Starlink A Possible GPS Alternative?
Fri, 10/21/2022 - 8:49pm
How researchers at the University of Texas hacked the signal sufficiently to determine its potential application as a navigation system:
I predict that the current accuracy will improve as soon as Elon Musk figures out a way to monetize the data...
Gee, I don’t get this. Is Musk (I find it difficult to key in his name without editorializing) going to retroctively install rubidium clocks in some of his >3,000 satellites? Is there another solution? Speaking of “an accuracy of about 98 feet” for all I know might be true but I’d need more to find a reason to believe it.
lot of conspiracy recent days and he earns a lot of it despite whatever you just said
lot of things cover underneath and you just see the tip of iceberg only. Enjoy before it last!
Additional Info Sources
It hasn't yet been peer reviewed, but Humphreys' lab has published a paper on their work.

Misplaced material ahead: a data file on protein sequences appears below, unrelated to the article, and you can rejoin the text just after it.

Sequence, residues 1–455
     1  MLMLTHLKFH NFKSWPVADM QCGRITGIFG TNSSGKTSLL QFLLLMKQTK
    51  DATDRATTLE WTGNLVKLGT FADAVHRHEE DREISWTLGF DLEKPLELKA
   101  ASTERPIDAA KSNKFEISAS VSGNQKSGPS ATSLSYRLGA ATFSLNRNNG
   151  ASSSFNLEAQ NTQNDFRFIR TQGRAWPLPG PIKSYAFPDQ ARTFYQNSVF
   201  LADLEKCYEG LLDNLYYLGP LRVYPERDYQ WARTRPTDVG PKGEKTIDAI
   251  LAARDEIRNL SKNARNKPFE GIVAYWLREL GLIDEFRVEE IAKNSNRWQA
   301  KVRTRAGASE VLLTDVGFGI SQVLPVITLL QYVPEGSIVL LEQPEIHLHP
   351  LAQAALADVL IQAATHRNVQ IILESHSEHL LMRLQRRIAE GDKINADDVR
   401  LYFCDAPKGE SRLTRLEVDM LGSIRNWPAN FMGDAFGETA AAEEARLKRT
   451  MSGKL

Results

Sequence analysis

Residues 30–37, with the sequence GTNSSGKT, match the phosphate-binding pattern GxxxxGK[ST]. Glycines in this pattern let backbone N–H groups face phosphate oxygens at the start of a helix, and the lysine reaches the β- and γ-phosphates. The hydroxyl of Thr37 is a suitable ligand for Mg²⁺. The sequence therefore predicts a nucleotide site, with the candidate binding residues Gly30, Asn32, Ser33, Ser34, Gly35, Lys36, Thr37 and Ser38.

As described in part at MIT Technology Review:
The UT Austin researchers did not try to break Starlink’s encryption or access any user data coming down from satellites. Instead, they sought out synchronization sequences—predictable, repeating signals beamed down by the satellites in orbit to help receivers coordinate with them. Not only did Humphreys find such sequences, but “we were pleasantly surprised to find that they [had] more synchronization sequences than is strictly required,” he says.
Each sequence also contains clues to the satellite’s distance and velocity. With the Starlink satellites transmitting about four sequences every millisecond “that’s just wonderful for dual use of their system for positioning,” says Humphreys.
If the terrestrial receiver has a good idea of the satellites’ movements—which SpaceX shares online to reduce the risk of orbital collisions—it can use the sequences’ regularity to work out which satellite they came from, and then calculate the distance to that satellite. By repeating this process for multiple satellites, a receiver can locate itself to within about 30 meters, says Humphreys.
If SpaceX later decided to cooperate by including additional data on each satellite’s exact position in its downlinks, that accuracy could theoretically improve to less than a meter—making it competitive with GPS.